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Establishment Liberalism: A Curse on Democracy

Clinton is defeated. The war-monger, bipartisan elite system may possibly have suffered a setback with Trump’s election. It’s too early to know, but if political-economic nationalism takes precedence over the belligerent, confrontational National Security State, then, despite Trump’s ethnocentric framework, we are better off, as is the world, than under a Clinton-Democratic victory. The latter is the true menace in international politics, which at this point signifies greater importance than the domestic side.

Clinton was on a collision course with Putin (and possibly Xi). On a structural level, she had America poised for continuing Obama’s foreign policy, from intervention, military alliances, and regime change to armed drone targeted assassination, a reprehensible chapter in American foreign relations. On a personal level, it might have been worse: her pathological aggression runs deep, a barely suppressed public effort to prove her mettle on all occasions of conflict. Behind the composed mask, one could sense her hostility toward Russia, her fear that America would appear weak unless maximum effort was applied to its containment and the ultimate removal of Putin, her profound insecurity when not engaged in the deployment of force.

This does not speak well for the Democratic party, once the champion of working-class rights and anti-fascism, but that was long ago and ended with the death of FDR and the aftermath of World War II. For two-thirds of a century, the party, marching step-by-step with Republicans, has been edging toward World War III. From think-tank policy wonks to hegemonic zealots, Clinton, her husband, and Obama, have stood out, with their sophisticated corporatism, even more than many Republicans, as purveyors of a globalization vision directly tied to the twin foundations of US business supremacy and unilateral military-ideological dominance.

A Clinton win would have been more of the same, with the continuance of Obama’s massive-surveillance program at home and the promotion of finance capital as the base of economic concentration and commercial penetration abroad. No wonder the turn to Trump, although I doubt that his supporters took the measure of her record, seeing instead mere elitism per se and political ambition for its own sake. But what can we expect from Trump? Surely not a complete reversal of policy, a renunciation of conflict, a sudden awakening to the essential dignity and entitlement to human rights of all people.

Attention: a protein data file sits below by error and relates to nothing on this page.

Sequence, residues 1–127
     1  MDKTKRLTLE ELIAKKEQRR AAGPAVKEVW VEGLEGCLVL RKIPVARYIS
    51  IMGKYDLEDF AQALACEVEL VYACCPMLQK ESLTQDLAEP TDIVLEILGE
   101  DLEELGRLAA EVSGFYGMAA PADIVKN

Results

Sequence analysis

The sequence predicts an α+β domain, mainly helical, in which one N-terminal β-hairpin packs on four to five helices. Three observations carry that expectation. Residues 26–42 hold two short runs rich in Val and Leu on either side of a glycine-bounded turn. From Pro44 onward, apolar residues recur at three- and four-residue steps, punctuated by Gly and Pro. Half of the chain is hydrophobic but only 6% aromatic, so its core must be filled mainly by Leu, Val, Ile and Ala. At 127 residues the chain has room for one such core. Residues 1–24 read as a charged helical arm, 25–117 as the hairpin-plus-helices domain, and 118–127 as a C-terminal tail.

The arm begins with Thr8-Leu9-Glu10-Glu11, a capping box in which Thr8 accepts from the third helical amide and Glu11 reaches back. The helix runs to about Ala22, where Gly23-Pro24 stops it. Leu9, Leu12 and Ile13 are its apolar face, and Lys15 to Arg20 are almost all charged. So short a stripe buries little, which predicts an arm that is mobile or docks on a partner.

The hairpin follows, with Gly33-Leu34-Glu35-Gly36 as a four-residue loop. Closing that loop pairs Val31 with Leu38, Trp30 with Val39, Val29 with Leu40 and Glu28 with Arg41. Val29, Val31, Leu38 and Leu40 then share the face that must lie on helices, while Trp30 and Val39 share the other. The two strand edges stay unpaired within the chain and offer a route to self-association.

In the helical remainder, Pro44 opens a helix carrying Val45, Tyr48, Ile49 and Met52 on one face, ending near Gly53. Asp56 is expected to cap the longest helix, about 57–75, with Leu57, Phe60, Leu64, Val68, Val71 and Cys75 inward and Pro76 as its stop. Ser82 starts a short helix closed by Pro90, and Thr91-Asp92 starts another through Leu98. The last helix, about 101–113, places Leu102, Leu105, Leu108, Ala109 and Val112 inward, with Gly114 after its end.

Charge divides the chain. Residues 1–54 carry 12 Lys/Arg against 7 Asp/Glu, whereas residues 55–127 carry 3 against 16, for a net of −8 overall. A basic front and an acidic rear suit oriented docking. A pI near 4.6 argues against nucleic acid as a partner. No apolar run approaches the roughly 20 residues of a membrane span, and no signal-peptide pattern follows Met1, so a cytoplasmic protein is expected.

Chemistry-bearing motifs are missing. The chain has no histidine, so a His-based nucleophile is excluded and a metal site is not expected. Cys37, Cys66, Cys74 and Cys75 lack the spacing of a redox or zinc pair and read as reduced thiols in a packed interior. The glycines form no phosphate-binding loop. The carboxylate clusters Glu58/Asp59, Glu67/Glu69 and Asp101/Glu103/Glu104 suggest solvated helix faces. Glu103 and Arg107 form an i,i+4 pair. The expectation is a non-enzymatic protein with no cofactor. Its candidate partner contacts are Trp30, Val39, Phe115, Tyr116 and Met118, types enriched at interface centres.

Economic nationalism is not a seedbed for respect of humanity. It can too easily turn into Fortress America, possessing a xenophobic core. Trump seems part-way there already, from his statements and the disclosure of those surrounding him. Yet I am heartened if still skeptical that he may disengage—yes, call it isolationism—from America’s seemingly permanent Cold-War posture, that which is the source of liberal fears, so closely identified with the National Security State, and, rather, adopt a peaceful attitude toward Russia as well as China. Cyrus Eaton, businessman from an earlier generation, thought such cooperation in world affairs could be achieved—and he was ridiculed much as Trump would be given America’s vested interest in global conflict.

Liberalism has demonstrated its moral bankruptcy; for that, we have Democrats, with rare exceptions, to thank since Truman and Kennedy. Liberalism equates with imperialism and antiradicalism; radicalism does not deal in drone assassination, massive defense spending, policies tailored to further the interests of Wall Street. If for no other reason, Trump’s election is welcome because, should he prove unworthy of respect, this would stand out clearly, and therefore could be opposed. With liberals, on the other hand, bread-and-circuses is a successful strategy thus far of obfuscation and creating the setting for false consciousness. Trump, preferable to Clinton, is clarity of social vision to be realized, and then radicalism, no longer suffocated, could come back into its own.

Racism divides the working class. Blacks can no longer find comfort in racial solidarity (uncritical support of Obama), just as gender—smashing glass ceilings—has also given Clinton a free pass. Both Obama and Clinton are the enemies of humankind, with their lust for war and faith in wealth. Somewhere, somehow, America must transcend its baser self, a task presently reserved for radicalism. Whether Trump proves to be just another class-enemy, or, through foreign policy reaches an accommodation with Russia and China, thus diminishing the paralysis of the Cold War, and thereby allowing for dissident thought and action to take hold, we will know the answer shortly.

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Norman Pollack Ph.D. Harvard, Guggenheim Fellow, early writings on American Populism as a radical movement, prof., activist.. His interests are social theory and the structural analysis of capitalism and fascism. He can be reached at pollackn@msu.edu.

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